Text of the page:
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Chapter One Notes

by: Angela Westmoreland

Chapter One Notes PLS 101

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Angela Westmoreland


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These notes cover the first chapter and lectures from class. It covers the Dilemmas of Democracy chapter in the book.
American Democracy and Citiizenship
Dr. James B Kaatz
Class Notes
political science, Missouri State University, democracy, constitution
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This 8 page Class Notes was uploaded by Angela Westmoreland on Friday January 22, 2016. The Class Notes belongs to PLS 101 at a university taught by Dr. James B Kaatz in Spring 2016. Since its upload, it has received 43 views.

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Date Created: 01/22/16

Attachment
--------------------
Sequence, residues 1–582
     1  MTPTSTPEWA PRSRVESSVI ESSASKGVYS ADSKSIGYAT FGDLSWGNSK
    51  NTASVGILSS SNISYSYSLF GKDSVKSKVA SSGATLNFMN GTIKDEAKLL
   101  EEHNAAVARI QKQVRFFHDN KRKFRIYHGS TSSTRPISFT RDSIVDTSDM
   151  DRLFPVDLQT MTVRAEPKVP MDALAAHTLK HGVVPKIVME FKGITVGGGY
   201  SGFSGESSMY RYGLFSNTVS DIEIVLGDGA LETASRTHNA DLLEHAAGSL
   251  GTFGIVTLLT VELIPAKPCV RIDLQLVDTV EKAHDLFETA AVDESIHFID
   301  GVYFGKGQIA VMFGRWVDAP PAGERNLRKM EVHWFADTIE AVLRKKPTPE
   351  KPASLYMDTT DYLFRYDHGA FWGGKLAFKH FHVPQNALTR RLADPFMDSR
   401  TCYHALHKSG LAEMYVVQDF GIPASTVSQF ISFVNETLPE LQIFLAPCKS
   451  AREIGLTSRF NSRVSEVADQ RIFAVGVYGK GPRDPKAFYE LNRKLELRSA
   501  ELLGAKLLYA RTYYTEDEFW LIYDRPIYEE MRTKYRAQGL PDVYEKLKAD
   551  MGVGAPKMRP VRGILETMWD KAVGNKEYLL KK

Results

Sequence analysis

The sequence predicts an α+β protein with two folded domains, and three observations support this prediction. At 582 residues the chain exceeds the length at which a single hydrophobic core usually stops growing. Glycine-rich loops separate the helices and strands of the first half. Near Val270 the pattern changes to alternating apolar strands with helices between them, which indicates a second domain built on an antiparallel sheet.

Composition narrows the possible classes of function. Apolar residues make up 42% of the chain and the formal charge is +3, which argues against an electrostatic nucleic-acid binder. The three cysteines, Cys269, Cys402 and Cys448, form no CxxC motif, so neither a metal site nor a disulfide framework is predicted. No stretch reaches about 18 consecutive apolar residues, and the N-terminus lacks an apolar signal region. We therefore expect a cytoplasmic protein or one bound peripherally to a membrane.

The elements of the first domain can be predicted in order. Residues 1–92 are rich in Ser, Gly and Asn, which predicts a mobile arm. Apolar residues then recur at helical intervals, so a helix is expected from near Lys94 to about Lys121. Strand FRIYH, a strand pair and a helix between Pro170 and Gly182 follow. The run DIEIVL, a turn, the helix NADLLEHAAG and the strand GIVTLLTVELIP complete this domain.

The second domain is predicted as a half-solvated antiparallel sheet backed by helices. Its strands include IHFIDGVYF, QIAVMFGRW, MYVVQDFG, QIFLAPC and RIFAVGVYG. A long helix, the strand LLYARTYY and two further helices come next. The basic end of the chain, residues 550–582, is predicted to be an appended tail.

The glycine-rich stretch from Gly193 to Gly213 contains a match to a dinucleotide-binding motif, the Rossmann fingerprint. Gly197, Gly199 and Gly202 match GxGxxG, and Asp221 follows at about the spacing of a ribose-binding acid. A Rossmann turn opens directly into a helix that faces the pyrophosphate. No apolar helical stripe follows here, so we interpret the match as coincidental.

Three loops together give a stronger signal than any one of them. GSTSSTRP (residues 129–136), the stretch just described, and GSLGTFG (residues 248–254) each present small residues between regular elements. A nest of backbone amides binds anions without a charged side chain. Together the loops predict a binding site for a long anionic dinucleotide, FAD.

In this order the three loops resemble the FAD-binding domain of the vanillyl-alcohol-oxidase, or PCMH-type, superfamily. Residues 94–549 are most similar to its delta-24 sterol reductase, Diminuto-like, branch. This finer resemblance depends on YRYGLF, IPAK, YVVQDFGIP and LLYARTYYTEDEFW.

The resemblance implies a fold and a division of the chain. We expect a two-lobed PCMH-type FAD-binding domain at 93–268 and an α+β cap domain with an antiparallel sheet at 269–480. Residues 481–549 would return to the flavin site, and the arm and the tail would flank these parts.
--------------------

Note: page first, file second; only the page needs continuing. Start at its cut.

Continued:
PLS 101: Chapter One Dilemmas of Democracy The Globalization of American Government:  Globalization  the increasing interdependence of citizens and nations across the world.  Government  the legitimate use of force to control human behavior; also, the organization or agency authorized to exercise that force. o This includes firearms, imprisonment, and execution. o Within specified geographical boundaries. o Term is also used to refer to the body authorized to exercise that power.  Peace of Westphalia (1648)  ended Thirty Years’ War in Europe. o Since this, international relations and diplomacy have been based on the principle of national sovereignty. o National Sovereignty  a political entity’s externally recognized right to exercise final authority over its affairs.  Each national government has the right to govern its people as it wishes, without interference from other nations.  League of Nations and United Nations were supposed to introduce supranational order into the world, but they respected national sovereignty as the guiding principle of international relations.  U.N. Charter, Article 2.1, states, “The Organization is based on the principle of sovereign equality of all its Members.”  National Sovereignty is threatened under globalization. o Libyan dictator Moammar Gadhafi’s military repression of political protests in 2011. His actions prompted NATO to intervene and establish a no-fly zone over Libya.  Ignoring Gadhafi’s claims that NATO violated Libya’s sovereignty, the International Criminal Court issued arrest warrants for Gadhafi and other Libyan officials for crimes against humanity. Gadhafi was killed within weeks, and the rebels took over the government.  Global forces generate pressure for international law. o Our government is worried about the trend of holding nations accountable to international law. o In 2002, the U.S. “annulled” its signature to the 1998 treaty to create International Criminal Court that would define and try crimes against humanity.  It opposed international court because:  U.S. soldiers stationed abroad might be arrested and tried in court.  The death penalty, practiced in most of the U.S. but abolished by more than half the countries in the world and all countries in the European Union. o There is a concerted campaign across Europe to force the sovereign U.S. to terminate capital punishment. The Purposes of Government:  All governments require their citizens to surrender some freedom as part of being governed.  Government has served two major purposes: o Maintaining order  preserving life and protecting property  Oldest objective in government.  Order  established ways of social behavior.  Establishing the rule of law to preserve life and protect property. th  Thomas Hobbs (17 century English philosopher)  preserving life was the most important function of government.  Without rules, people would live like predators do, stealing and killing for their personal benefit.  Somalia  1991, the government and warlords feuded over territory. Today, the government controls only a portion of the capital, Mogadishu, and Somali pirates seize ships off its short with impunity.  John Locke (English Philosopher)  Two Treatises on Government: wrote that the protection of life, liberty, and property was the basic objective of government.  His thinking strongly influences the Declaration of Independence which identifies “Life, Liberty, and the pursuit of Happiness” as “unalienable Rights” of citizens under government.  Not everybody believes that the protection of private property is a valid objective of government.  Karl Marx (German Philosopher) rejected the private ownership of property used in the production of goods or services. These ideas form the basis of communism.  Communism  a political system in which, in theory, ownership of all land and productive facilities is in the hands of the people and all goods are equally shared; the production and distribution of goods are controlled by and authoritarian government. o Gives the ownership of all land and productive facilities to the people – in effect, to the government. o Providing public goods  Governments can tax citizens to raise funds to spend on public goods.  Public Goods  benefits and services, such as education, parks, and sanitation that benefit all citizens but are not likely to be produced voluntarily by individuals.  Benefit all citizens but are not likely to be produced by the voluntary acts of individuals. (Road building)  Many Americans believe public goods and services should be provided by private business operating for profit. o Some have pursued a third and more controversial purpose: promoting equality.  Gained prominence in the 20 century.  European governments pioneered extensive programs to improve life of the poor.  Key here is the government’s role in redistributing income: taking from wealthy and giving to the poor. (Marx)  Charity is high in Western religions; using the power of state to support the poor, does not.  Minimum wage: congress increased it to $7.25 only because the Democrats made a deal on funding the war in Iraq. A Conceptual Framework for Analyzing Government:  Concept  generalized idea of a class of items or thoughts.  Five Concepts that figure prominently in political analysis: o Concepts that identify the values pursued by government:  Freedom  Order  Equality o Concepts that describe models of democratic government:  Majoritarian democracy  Pluralist democracy  The Concepts of Freedom, Order, and Equality. o Freedom and equality has a positive connotation. o Order has a negative connotation. o Freedom: Franklin D. Roosevelt used these in a speech before WWII.  Freedom Of  an absence of constrains on behavior, as in freedom of speech or freedom of religion.  Freedom to do something. Freedom is synonymous with liberty.  Freedom From  immunity, as in freedom from something undesirable or negative, such as freedom from fear or freedom from want. o Order:  When order is viewed as the narrow sense of preserving life and protecting property, most citizens would concede in the importance of maintaining order.  When order is viewed in the broader sense of preserving the social order, people are more likely to argue that maintaining order is not a legitimate function of government.  Social Order  refers to established patterns of authority in society and to traditional modes of behavior. Social order can change: bathing suits now vs. a century ago.  Police Power  the authority of government to maintain order and safeguard citizens’ safety, health, welfare, and morals. State governments use this to protect established order. The national government only has powers granted by the Constitution and lacks a general police power. However, the national government can act on individuals if the action can be traced to a constitutionally delegated power. o 1932, Congress passed the Federal Kidnapping Act, allowing the FBI to apprehend kidnappers. This law was based on the constitutional power to regulate interstate commerce, given that kidnappers usually demand ransom by mail or telephone (instruments of interstate commerce) and might cross state boundaries.  After September 11 , congressed passed new laws increasing government’s power to investigate suspicious activities by foreign nationals in order to deter terrorism. Full body scanners after underwear bomber in 2009.  Most governments are inherently conservative  tend to resist social change.  Some governments aim to radically restructure the social order. o Equality:  Political Equality  equality in political decision making: one vote per person, with all votes counted equally.  Through occupation or wealth, some citizens are more able than others to influence political decisions.  Social Equality  equality in wealth, education, and status.  Promoting Social Equality: Providing Equal Opportunities o Equality of Opportunity  the idea that each person is guaranteed the same chance to succeed in life.  U.S. Constitution prohibits titles of nobility, and owning property is not a requirement for holding public office. Ensuring Equal Outcomes. o Equality of Outcome  the concept that society must ensure that people are equal and governments must design policies to redistribute wealth and status to achieve economic and social equality. o Some link equality of outcome with the concept of government-supported rights.  Rights  the benefits of government to which every citizen is entitled. The government should guarantee its citizens adequate (if not equal) housing, employment, medical care, and income. Two Dilemmas of Government. o Stem from maintaining order and promoting equality. o Government cannot pursue either without sacrificing individual freedom. o Clash between freedom and equality forms the modern dilemma of government. o The Original Dilemma: Freedom vs. Order  Originates in the very meaning of government as the legitimate use of force to control human behavior.  The original purpose of government was to protect life and property, to make citizens safe from violence. 40 % of people are afraid to walk alone at night.  U.S chooses freedom over order while communist governments choose order over freedom. o The Modern Dilemma: Freedom vs. Equality  These two values clash when governments enact policies to promote social equality.  During the 1970s, the courts ordered the busing of schoolchildren to achieve equal proportions of blacks and whites in public schools. Increased educational equality, but impaired freedom of choice.  During the 1980s, some states passed legislation that went beyond giving men and women equal pay for equal work to the more radical notion of pay equity.  During the 1990s, Congress prohibited the discrimination in employment, public services, and public accommodations on the basis of physical or mental disabilities. Businesses with 20+ employees could not pass otherwise qualified disabled person in employment or promotion.  2000-2010, Congress passed the Genetic Information Nondiscrimination Act (GINA). Signed by President Bush in 2008, it prohibited companies from discriminating in hiring based on an individual’s genetic tests, genetic tests of a family member, and family medical history. Ideology and the Scope of Government o Political Ideology  a consistent set of values and beliefs about the proper purpose and scope of government. How far should the government go to maintain order? o Totalitarianism  a political philosophy that advocates unlimited power for the government to enable it to control all sectors of society.  The belief that government should have unlimited power.  Controls all sectors of society: business, labor, education, religion, sports, the arts, and others. o Socialism  a form of rule in which the central government plays a strong role in regulating existing private industry and directing the economy, although it does allow some private ownership of productive capacity.  Pertains the government’s role in the economy.  Scope of government extends to ownership or control of the basic industries that produce goods and services.  Democratic Socialism  a socialist form of government that guarentees civil liberties such as freedom of speech and religion. Citizens determine the extent of government activity through free elections and competitive political parties. o Capitalism  the system of government that favors free enterprise (privately owned business operating without government regulation).  Supports free enterprise – private business operating without government regulations.  The U.S. is decidedly a capitalist country, more so than most Western nations. o Libertarianism  a political ideology that is opposed to all government action except as necessary to protect life and property.  Believe that social programs that provide food, clothing, and shelter are outside the proper scope of government.  Oppose any government intervention in the economy.  Laissez Faire  an economic doctrine that opposes any form of government intervention in business. “Let people do as they please.” o Anarchism  a political philosophy that opposes government in any form.  Values absolute freedom above all else. o Liberals  those who are willing to use government to promote equality but not order.  Favor more government  Favor generous government support for education, wildlife protection, public transportation, and a whole range of social programs. o Conservatives  those who are willing to use government to promote order but not equality.  Prefer less government.  Want smaller government budgets and fewer government programs.  Support free enterprise and argue against government job programs, regulation of business, and legislation of working conditions and wage rates. A Two-Dimensional Classification of Ideologies Equalit Liberals Communitarians y •Favo :rGovernment activities tha •Favo:rGovernment activities that promote equality, such as promote equality, such as affirmative action programs to affirmative action programs to employ minorities and increased employ minorities and increased spending on public housing spending on publich housing. •Oppos :eGovernment actions tha tFavo:rGovernment actions that restrict individual liberties, sucimpose social order, such as as banning sexually explicit banning secually explicit movies movies or mandatory testing for or mandatory testing for AIDS. AIDS. Libertarians Conservatives •Oppos :eGovernment activities •Oppos :eGoverment activities that that interfere with the market, interfere with the market, such as such as affirmative action affirmative action programs to programs to employ minorities employ minorities and increased and increased spending on publs ipending on public housing. housing. •Favo:rGovernment actions that •Oppos :eGovernment actions thatimpose social order, such as restrict individual liberties, sucbanning sexually explicit movies as banning sexually explicit or mandatory testing for AIDS. Freedomovies or mandatory testing for m AIDS. o Libertarians  those who are opposed to using government to promote either order or equality.  Value freedom over equality and order.  Want minimal government intervention in both the economic and social spheres. o Communitarians  those who are willing to use government to promote both order and equality. The American Government Process: Majoritarian or Pluralist?  Occupy Wall Street protestors (September 2011)  believed that the political and economic system was rigged in favor of the very rich.  2010 Election  Republican favored. Congress would not allow a change in financial equality. Is this a majoritarian democracy?  Theory of Democratic Government o Demos  common people o Kratos  power o Democracy  a system of government in which, in theory, the people rule, either directly or indirectly. o The Procedural View of Democracy  Procedural Democratic Theory  a view of democracy as being embodied in a decision making process that involves universal participation, political equality, majority rule, and responsiveness.  Universal Participation  The concept that everyone in a democracy should participate in governmental decision making.  Majority Rule  the principle – basic to procedural democratic theory – that the decision of a group must reflect the preference of more than half of those participating a simple majority. o A Complication: Direct vs. Indirect Democracy  Participatory Democracy  a system of government where rank-and- file citizens rule themselves rather than electing representatives to govern on their behalf.  Very rare. Everyone cannot gather in one place to discuss.  Representative Democracy  a decision-making principle, necessitated by representative government, which implies that elected representatives should do what the majority of people want.  Responsiveness  a decision-making principle, necessitated by representative government, which implies that elected representatives should do what the majority of people want.  Four Principles of Procedural Democracy:  Universal participation  Political equality  Majority rule  Government responsiveness to public opinion o A Substantive View of Democracy  What about minorities?  Substantive Democratic Theory  the view that democracy is embodied in the substance of government policies rather than in the policy-making procedure. o Procedural Democracy vs. Substantive Democracy  Minority Rights  the benefits of government that cannot be denied to any citizens by majority decisions.  Institutional Models of Democracy o The Majoritarian Model of Democracy  Majoritarian Model of Democracy  the classical theory of democracy in which government by the people is interpreted as government by the majority of the people.  What is seen as fair.  Citizens are expected to control their representatives’ behavior by choosing wisely in the first place and by reelecting or voting out public officials according to their performance.  Referendum  an election on a policy issue.  Initiative  circulating petitions and gathering a required number of signatures.  Recall  a means of forcing a special election for an up-or-down vote on a sitting governor or state judge. o An Alternative Model: Pluralist Democracy  Only half of the adult population votes, government by some people.  Pluralism  the concept that modern society consists of innumerable groups that share economic, religious, ethnic, or cultural interests.  Interest Group  an organized group of individuals that seeks to influence public policy; also called a lobby.  They often spend a lot of time and money trying to influence government policy.  Pluralist Model of Democracy  an interpretation of democracy in which government by the people is taken to mean government by people operating through competing interest groups.  They place their interests on the government and even challenge it.  A way to allow minorities to rule. o An Undemocratic Model: Elite Theory  Elite Theory  the view that a small group of people actually makes most of the important government decisions.  Oligarchy  a system of government in which power is concentrated in the hands of a few people. o Elite Theory vs. Pluralist Theory Democracy and Globalization  Democratization  a process of transition as a country attempts to move from an authoritarian form of government to a democratic one. o Often becomes a problem with ethnic and religious views.  American Democracy: More Pluralist than Majoritarian o It is more pluralist due the lack of involvement of adults Americans. It is not entirely pluralist though in the same sense. Just more pluralist than majoritarian.